Whenever I see a person reading a book out in public, I always feel compelled to find out what it is. This compulsion does not usually extend to opening my mouth and politely asking the person what it is they’re reading. “Hey, is that any good?” from a stranger while I’m engrossed in a book gets my attention, albeit warily—I like to recommend things and yammer away about whatever book/media I’ve been consuming, but I also think it’s a bit rude to distract a person who is clearly busy and probably not looking for a conversation. Even worse, it might just be a disguised pickup line.
So instead of risking the ire of fellow bookish strangers by speaking to them, I covertly stare at the covers of books in hands and on laps until they’re raised enough for me to make out the titles. Come to think of it, maybe this is actually worse. Oh well.
Ah, the topknot. Commonly known as the “man-bun” when spotted on a male human, but I don’t think it’s necessary to gender a particular hairstyle—just “bun” also suffices. Its rise from relative obscurity as street fashion to a roundly-mocked mark of male hipsterhood was sudden and confusing. No one had a topknot, and then everyone had a topknot. I had a topknot. It’s very easy for a topknot to happen to you, all you have to do is fail to get a haircut for a few months and also dislike having hair hanging in your face.
When we remember vintage fashions, it’s generally the glamour that stands out the most. The Gatsby glitz and the movie stars of classic Hollywood tend to come to mind first. However, not everyone was gliding around like Grace Kelly or vamping it up with Theda Bara. In fact, it’s safe to say that most people probably just kept wearing what they always wore, with small adjustments to account for different items being available or the trend of a particular cut of cloth or hairstyle. Men especially have been wearing basically the same thing for centuries with minor differences in things like neckwear, the length of a coat, or the size of a lapel.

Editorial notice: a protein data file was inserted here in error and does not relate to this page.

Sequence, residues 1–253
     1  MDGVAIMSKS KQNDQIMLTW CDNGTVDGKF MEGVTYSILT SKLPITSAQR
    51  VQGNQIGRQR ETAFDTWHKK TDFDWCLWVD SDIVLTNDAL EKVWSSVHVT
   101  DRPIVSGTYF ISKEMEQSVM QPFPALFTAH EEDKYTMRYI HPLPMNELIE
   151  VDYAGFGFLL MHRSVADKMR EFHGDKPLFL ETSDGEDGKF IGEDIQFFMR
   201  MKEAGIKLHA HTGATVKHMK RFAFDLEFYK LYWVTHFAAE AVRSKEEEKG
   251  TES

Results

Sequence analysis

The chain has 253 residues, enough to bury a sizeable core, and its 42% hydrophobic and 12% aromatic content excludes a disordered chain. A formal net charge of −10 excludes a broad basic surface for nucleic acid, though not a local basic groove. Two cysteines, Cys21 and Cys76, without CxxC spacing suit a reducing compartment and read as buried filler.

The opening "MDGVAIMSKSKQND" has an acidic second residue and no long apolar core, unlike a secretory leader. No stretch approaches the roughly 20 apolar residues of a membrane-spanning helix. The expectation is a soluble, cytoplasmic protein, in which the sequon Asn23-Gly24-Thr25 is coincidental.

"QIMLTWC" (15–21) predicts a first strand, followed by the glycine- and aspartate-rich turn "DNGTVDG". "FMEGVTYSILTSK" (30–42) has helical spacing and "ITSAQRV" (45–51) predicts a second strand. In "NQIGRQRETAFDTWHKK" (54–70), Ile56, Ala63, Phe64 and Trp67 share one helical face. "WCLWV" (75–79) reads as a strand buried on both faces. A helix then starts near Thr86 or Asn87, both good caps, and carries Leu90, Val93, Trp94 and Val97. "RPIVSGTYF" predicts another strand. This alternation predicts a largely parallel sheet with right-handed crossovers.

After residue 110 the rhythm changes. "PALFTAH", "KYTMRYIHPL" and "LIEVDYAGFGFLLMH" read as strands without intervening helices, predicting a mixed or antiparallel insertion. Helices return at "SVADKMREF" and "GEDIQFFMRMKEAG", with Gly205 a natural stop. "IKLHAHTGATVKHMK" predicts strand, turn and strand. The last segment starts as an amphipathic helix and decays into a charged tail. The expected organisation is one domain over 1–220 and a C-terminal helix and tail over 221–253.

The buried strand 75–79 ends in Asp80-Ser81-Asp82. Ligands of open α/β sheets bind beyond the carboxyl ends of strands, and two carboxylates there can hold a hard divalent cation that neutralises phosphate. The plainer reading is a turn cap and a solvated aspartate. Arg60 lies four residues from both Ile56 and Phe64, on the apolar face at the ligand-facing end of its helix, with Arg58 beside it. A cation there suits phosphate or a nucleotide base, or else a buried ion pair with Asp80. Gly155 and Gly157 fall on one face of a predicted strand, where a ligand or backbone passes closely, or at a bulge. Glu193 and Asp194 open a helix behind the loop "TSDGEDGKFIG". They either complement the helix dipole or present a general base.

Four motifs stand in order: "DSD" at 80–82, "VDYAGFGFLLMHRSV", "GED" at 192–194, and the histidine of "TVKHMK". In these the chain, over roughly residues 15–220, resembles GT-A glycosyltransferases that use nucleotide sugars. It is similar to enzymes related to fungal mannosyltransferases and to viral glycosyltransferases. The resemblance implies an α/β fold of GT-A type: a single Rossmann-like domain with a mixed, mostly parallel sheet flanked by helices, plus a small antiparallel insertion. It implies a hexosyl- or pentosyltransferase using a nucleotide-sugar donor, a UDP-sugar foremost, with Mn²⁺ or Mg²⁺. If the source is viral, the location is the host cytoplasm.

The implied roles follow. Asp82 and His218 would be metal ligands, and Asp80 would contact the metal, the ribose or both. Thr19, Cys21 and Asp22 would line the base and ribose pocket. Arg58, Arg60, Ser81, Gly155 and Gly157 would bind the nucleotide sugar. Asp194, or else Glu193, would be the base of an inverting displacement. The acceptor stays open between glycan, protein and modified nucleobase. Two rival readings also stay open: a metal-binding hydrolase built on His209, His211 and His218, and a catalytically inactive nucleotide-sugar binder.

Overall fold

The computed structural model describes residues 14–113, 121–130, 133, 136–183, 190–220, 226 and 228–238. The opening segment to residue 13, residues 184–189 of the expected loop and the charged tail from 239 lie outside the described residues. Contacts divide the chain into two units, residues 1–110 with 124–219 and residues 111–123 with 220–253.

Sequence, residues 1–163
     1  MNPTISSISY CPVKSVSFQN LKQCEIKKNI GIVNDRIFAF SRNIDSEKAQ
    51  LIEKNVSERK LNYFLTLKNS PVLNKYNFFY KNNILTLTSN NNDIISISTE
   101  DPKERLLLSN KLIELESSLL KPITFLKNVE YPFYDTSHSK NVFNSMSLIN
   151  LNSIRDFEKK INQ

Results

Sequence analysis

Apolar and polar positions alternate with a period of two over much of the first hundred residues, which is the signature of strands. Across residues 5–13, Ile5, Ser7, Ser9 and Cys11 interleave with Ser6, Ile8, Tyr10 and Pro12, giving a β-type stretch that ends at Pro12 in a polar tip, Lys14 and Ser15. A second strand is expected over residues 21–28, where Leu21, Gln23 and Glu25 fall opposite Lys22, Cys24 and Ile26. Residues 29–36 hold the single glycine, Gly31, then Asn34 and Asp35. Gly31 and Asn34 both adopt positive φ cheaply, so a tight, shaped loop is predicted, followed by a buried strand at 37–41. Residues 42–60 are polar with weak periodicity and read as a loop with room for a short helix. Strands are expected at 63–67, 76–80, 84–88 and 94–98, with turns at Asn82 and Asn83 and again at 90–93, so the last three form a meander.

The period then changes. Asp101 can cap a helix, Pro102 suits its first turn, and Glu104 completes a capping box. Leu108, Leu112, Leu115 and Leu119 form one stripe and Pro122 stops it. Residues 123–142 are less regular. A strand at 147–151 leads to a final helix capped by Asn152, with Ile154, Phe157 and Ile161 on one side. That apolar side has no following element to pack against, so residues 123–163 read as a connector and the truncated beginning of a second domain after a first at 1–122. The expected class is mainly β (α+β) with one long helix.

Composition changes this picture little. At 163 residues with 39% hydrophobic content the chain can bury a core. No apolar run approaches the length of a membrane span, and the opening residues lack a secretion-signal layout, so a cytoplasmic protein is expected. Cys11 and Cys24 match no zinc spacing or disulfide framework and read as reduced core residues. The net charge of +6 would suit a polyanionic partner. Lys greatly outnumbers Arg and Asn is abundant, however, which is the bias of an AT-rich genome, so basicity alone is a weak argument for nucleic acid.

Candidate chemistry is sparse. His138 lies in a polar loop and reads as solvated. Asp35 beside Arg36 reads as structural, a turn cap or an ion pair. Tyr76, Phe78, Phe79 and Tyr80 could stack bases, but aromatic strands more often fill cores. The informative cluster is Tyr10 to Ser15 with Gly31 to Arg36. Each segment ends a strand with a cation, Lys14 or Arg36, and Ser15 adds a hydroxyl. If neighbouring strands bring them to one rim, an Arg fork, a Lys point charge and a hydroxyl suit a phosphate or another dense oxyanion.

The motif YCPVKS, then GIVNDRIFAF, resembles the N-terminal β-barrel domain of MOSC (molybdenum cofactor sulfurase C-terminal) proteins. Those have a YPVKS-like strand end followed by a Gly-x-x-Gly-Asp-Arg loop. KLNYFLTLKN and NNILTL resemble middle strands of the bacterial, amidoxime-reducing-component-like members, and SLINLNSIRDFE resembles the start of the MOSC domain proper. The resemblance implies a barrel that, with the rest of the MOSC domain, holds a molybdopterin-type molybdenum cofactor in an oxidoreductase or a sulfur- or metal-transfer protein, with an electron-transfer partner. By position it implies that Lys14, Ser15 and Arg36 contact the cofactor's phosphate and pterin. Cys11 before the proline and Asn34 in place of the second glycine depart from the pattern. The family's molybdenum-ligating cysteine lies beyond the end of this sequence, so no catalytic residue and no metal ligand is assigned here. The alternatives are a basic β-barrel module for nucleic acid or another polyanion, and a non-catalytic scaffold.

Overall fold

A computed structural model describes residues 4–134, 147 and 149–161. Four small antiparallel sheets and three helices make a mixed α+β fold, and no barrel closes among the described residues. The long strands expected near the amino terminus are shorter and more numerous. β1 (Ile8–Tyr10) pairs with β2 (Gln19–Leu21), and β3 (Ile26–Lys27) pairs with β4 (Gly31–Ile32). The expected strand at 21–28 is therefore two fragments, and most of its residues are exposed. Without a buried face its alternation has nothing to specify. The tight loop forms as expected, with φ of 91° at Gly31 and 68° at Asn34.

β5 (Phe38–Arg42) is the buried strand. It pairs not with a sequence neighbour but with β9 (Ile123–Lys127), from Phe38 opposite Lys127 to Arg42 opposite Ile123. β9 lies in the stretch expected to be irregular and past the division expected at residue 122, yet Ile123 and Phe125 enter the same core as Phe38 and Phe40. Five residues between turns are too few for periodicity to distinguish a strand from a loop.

As a design element, arrows are both compelling and open to a variety of interpretations. They could mean that you know where you’re going. They could mean that you don’t know where you’re going. You are a weapon, or a direction. You might feel a spiritual connection between yourself and an object propelled at high speed until it hits a target. Maybe you’re into archery, or maybe you feel attacked and wish to shield yourself. They seem to be a popular element in branding designs from the past five years or so, so you could also just be a designer who is stuck in hipster logo go-to aesthetics.
As a person grows older, certain things about their appearance become more prominent. For some, it’s centered around clothing. The fedoras and high-waisted trousers that were once the sartorial status quo are eye-catching relics of a bygone era when worn in 2015. For others, it’s etched in the body, like an interesting pattern of deep wrinkles or an impressive nose that has only grown in size and character with age. For this gentleman I saw reading the newspaper, it is his eyebrows. They grew like luxurious caterpillars out of his forehead, gently waving in the breeze as he frowned at the latest reports of economic disaster.
In these, the dog days of summer, it’s rare to see a pair of trousers extended to their full length. Plenty of people even wear a special garment called “shorts.” This article of clothing has been subjected to a truly absurd amount of debate, especially on the topic of whether or not it’s appropriate for a man to wear them. This is ridiculous. Wear whatever you want, your masculinity can withstand showing a little knee. While I’m not an enemy of shorts in general, regardless of the gender of the person wearing them, I prefer not to put them on myself. If you, like me, insist on not wearing shorts, there are two ways to send a breeze around your ankles in long pants—cuff them or roll them up (versatile!), or get the more clean-cut look of pants cut a few inches above the anklebone.